“I wish I’d asked for help earlier”

A young person’s mental health journey

Mental Health Week

This Queensland Mental Health Week, a former client of our Child and Youth Mental Health Service has been kind enough to share her very personal road to recovery to offer hope to other young people walking the same path she once did.

“I first started experiencing issues with my mental health when I was 12. I was being bullied at school by people who I thought were my friends. At the time, my grandma, who I was very close to passed away, and that was when everything became too much. Most nights I cried myself to sleep, hoping that I wouldn’t wake up in the morning. I started hurting myself because the physical pain was better than the emotional pain. I was angry at the world and at myself. I felt as if no one really cared about me. I was tired and irritable most of the time and my grades at school dropped significantly. I managed to hide what was going on from my family and the teachers at school. I was ashamed with how I was feeling. I knew that I wasn’t OK and that something wasn’t right. I felt so weak and worthless. I would pretend to be happy and OK, when in reality I was barely keeping my head above water.  I didn’t seek help until I was 15. At this point I was in high school and I was still struggling. One day everything just became too much and I lost it. I was suicidal and I was afraid that I was going to end my life. I reached out to my year level coordinator and told her about the self-harm, about the suicidal thoughts and how much I was struggling. She told me that I needed to see my GP. I ended up at the Child and Youth Mental Health Service and that’s when I found out I had depression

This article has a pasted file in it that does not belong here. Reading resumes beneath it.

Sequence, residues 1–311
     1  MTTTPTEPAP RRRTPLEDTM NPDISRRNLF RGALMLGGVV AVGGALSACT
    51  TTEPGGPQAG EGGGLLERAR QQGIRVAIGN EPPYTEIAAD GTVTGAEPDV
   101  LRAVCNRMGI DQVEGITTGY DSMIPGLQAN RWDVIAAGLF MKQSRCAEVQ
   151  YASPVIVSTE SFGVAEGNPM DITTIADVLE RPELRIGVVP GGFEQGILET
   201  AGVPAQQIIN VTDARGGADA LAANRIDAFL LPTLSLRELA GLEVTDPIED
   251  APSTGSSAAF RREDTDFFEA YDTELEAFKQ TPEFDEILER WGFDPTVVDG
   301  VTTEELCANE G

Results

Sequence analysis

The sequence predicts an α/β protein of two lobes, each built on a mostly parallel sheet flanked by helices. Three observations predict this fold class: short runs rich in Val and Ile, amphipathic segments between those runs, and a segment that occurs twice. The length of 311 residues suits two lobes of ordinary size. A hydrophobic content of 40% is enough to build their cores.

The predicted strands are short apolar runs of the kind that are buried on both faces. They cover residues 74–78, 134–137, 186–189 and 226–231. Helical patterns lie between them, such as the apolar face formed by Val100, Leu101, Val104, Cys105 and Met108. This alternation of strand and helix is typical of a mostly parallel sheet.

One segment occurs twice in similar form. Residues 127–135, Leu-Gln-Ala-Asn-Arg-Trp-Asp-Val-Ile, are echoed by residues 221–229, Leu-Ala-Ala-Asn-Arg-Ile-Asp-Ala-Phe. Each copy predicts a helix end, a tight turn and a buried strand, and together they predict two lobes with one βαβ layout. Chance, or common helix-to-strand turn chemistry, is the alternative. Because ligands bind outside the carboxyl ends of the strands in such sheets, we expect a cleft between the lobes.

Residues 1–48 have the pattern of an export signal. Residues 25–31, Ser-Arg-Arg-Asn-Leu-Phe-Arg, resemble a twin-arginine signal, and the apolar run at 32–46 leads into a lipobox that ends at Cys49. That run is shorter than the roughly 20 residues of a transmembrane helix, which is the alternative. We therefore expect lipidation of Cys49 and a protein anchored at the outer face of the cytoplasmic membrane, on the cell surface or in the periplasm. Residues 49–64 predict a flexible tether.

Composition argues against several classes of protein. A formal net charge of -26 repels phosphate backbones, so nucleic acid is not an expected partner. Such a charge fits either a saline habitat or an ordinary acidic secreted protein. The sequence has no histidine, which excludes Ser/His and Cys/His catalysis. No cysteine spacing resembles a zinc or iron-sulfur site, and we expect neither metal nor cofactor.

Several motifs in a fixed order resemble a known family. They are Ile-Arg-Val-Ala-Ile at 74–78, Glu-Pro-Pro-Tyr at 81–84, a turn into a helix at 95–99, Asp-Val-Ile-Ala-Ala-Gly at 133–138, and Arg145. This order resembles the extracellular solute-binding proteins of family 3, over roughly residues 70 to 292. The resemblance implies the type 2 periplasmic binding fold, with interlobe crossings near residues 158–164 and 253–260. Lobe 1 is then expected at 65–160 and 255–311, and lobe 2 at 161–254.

What really helped me was having someone to talk to about what was happening in my life. I had kept things bottled up for such a long time. It felt so good to talk to someone. It felt as if a tonne of bricks had been lifted off my shoulders.  Just being able to talk to someone honestly and openly and having that person listen to me, validate me, show empathy and treat me with respect made a world of difference. Knowing that I wasn’t alone and that people cared about me was the biggest thing that helped me. My recovery would not have been possible if I didn’t have that continuous support.

It was only when I reached breaking point that I sought help.

I wish I had gotten help earlier. It was only when I reached breaking point that I sought help.  If you or someone you know is struggling, please reach out and talk to someone. It could be your family or your friends, a teacher at school, a coach or someone from your community who you trust. People do care about you even though it may feel like they don’t.

There is nothing to be ashamed of. Mental illness doesn’t define you and it doesn’t make you weak. I am so glad that I sought help. I am now in recovery and my focus is on my maintaining my wellbeing. I love spending time with my family and friends and my cat. I enjoy spending time outdoors and in nature, particularly in national parks and rainforests.  I am loving life and I am happy. I am so glad that I got the help I needed because without it I don’t think I would be here today.”


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